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Justices give preliminary green light to changes to evidence, reciprocity rules

The Wisconsin Supreme Court held its first public hearings of the term on Monday and, despite some tension among the justices, approved behind closed doors two rule-change proposals that were the main topics of the agenda.

Of the two proposals, first up was the Judicial Council’s second attempt to update certain state rules of evidence. The 21-member body studies and proposes changes to the state court system’s rules and procedures.

The council’s proposal calls for modifying certain rules including one that governs when past criminal convictions can be introduced to impeach a witness, one relating to the impeachment of witnesses using “specific acts” and another involving the admissibility of writings and recorded statements.

A member of the council, Tom Shriner, presented the petition to the court. The council’s former staff attorney, April Southwick, had been scheduled to make a presentation alongside Shriner, but was taken off the list of presenters ahead of the hearing.

Although the justices had heard the petition once before and not shown signs that it was something likely to generate a lot of controversy, tensions spiked early during the hearing. Justice Shirley Abrahamson and Chief Justice Pat Roggensack repeatedly interrupted and talked over each other as Abrahamson tried to talk about the Judicial Council’s budget and staffing shortfalls.

Roggensack upbraided Abrahamson for not sticking to the subject at hand.

“This is not a public forum for your gripes, Shirley Abrahamson,” Roggensack said.

Although the state Legislature had voted against Walker’s proposal to eliminate a statute requiring the Judicial Council to exist, the Supreme Court issued an order last month stating that it would stop paying for the council’s staff and operations as soon as the budget was signed. Walker signed the budget last week.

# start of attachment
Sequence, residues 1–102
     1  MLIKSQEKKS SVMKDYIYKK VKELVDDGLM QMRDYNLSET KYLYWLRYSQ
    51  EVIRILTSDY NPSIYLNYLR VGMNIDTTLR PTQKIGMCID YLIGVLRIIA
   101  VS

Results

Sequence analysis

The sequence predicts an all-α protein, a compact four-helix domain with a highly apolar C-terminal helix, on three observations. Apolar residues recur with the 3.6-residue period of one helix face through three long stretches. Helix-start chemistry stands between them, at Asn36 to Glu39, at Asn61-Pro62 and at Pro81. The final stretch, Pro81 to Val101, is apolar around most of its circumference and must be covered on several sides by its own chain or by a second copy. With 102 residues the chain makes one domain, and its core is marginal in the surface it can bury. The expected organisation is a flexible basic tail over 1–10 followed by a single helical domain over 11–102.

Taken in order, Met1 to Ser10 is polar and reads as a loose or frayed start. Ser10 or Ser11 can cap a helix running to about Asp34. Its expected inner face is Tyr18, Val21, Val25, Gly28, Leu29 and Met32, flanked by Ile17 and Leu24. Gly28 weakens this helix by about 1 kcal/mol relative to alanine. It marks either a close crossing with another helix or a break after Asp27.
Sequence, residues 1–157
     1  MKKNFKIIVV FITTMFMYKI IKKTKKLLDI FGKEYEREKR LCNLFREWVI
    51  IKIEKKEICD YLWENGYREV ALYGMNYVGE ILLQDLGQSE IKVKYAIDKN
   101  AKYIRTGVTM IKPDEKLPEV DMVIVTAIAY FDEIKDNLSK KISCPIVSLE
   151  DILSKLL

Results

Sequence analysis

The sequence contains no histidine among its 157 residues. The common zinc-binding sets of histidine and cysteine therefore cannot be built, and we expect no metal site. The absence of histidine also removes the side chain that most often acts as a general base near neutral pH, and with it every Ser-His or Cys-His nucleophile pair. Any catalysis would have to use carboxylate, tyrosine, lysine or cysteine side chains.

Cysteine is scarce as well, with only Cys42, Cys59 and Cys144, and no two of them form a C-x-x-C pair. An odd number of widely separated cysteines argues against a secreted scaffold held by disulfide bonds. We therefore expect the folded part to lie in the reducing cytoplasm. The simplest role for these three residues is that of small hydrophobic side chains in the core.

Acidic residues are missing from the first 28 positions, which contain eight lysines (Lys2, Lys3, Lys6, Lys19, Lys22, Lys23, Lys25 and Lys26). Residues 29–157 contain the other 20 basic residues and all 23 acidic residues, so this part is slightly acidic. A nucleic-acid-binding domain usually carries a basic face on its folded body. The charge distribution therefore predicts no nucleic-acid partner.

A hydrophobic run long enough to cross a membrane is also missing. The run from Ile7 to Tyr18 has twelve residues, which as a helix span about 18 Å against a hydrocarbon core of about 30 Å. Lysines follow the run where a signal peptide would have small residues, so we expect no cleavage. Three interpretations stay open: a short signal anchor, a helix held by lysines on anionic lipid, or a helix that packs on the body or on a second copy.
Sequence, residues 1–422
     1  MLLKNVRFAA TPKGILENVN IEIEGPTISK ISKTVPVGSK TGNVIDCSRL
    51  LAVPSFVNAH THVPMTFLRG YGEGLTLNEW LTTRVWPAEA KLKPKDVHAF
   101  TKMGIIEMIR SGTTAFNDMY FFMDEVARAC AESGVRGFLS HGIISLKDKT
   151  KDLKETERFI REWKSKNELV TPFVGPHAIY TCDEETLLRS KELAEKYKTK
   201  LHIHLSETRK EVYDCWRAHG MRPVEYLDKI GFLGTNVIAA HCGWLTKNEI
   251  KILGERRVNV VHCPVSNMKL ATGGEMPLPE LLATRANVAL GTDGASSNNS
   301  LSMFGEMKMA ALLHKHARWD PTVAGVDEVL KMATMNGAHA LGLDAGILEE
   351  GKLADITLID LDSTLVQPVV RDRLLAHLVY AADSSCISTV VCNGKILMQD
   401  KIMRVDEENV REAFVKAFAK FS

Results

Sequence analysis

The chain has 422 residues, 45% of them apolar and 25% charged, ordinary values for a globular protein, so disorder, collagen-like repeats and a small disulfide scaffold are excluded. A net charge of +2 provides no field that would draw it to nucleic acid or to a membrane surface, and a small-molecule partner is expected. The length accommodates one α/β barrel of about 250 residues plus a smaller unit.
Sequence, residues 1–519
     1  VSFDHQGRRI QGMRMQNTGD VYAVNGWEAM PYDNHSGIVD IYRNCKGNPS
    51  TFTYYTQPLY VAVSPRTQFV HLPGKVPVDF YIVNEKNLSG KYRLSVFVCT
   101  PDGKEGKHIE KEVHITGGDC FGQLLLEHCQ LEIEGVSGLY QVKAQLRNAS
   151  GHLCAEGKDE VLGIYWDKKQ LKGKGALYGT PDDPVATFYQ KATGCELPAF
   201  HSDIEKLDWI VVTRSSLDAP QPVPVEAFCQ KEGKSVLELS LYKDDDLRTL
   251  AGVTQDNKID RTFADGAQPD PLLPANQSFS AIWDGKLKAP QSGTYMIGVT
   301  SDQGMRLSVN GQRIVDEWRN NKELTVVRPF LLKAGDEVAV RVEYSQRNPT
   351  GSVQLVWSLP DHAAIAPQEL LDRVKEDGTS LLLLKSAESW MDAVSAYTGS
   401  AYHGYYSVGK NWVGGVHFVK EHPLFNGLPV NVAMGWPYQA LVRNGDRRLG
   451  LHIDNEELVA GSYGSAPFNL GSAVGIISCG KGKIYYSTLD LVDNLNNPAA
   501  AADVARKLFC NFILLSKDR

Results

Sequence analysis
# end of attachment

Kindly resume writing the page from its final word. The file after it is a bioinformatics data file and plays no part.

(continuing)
Ahead of Monday’s hearing, Shriner said the council’s next meeting has not yet been scheduled. He said that although he cannot speak for the full council, he does know that members of the executive committee intend for the council to meet.

The other proposal the justices heard testimony on involved a proposal, from the Stockbridge-Munsee Community, that would allow attorneys who have a license in good standing in another state and who can present proof of practice with a federally recognized Indian tribe to be waived from having to take the Wisconsin bar exam. Over the summer, the tribe agreed upon revised language for its proposal, which was drafted by the Board of Bar Examiners with advice from stakeholders in the tribal justice system.

The Stockbridge-Munsee’s general counsel, Dennis Puzz, as well as BBE director Jacquelynn Rothstein, presented the proposal to the justices. Nicole Homer, a member of the Wisconsin State Bar’s Indian Law Section, testified in favor of the proposal.

The tribe’s prosecutor, Laura Vedder, was present but did not testify. It was Vedder’s troubles obtaining a license in Wisconsin despite her many years of practicing law for a previous tribe and maintaining her license in Minnesota that gave the tribe’s petition its impetus. Vedder was eventually able to obtain licensing in Wisconsin, but only after filing an appeal to the BBE.

Monday’s public hearings were the first the court has held since it voted last term to do away with the open-rules conferences that usually followed its public hearings. In its open conferences, the justices would debate the proposals that were the subject of the hearing and take votes. Those votes and deliberations are now closed to the public.

Reached Tuesday, Supreme Court Commissioner Julie Rich said she was authorized to say that the that the justices, in closed conference, had approved the Judicial Council’s proposal and that an order would be forthcoming. As for the Stockbridge-Munsee’s petition, the justices approved of the ideas behind the proposal but would be making some slight changes to the language, Rich said. Both orders should be issued in the next week or so, she said.

About Erika Strebel,

Erika Strebel is the law beat reporter for the Wisconsin Law Journal and a law school student at UW-Madison. She can be reached at 414-225-1825.

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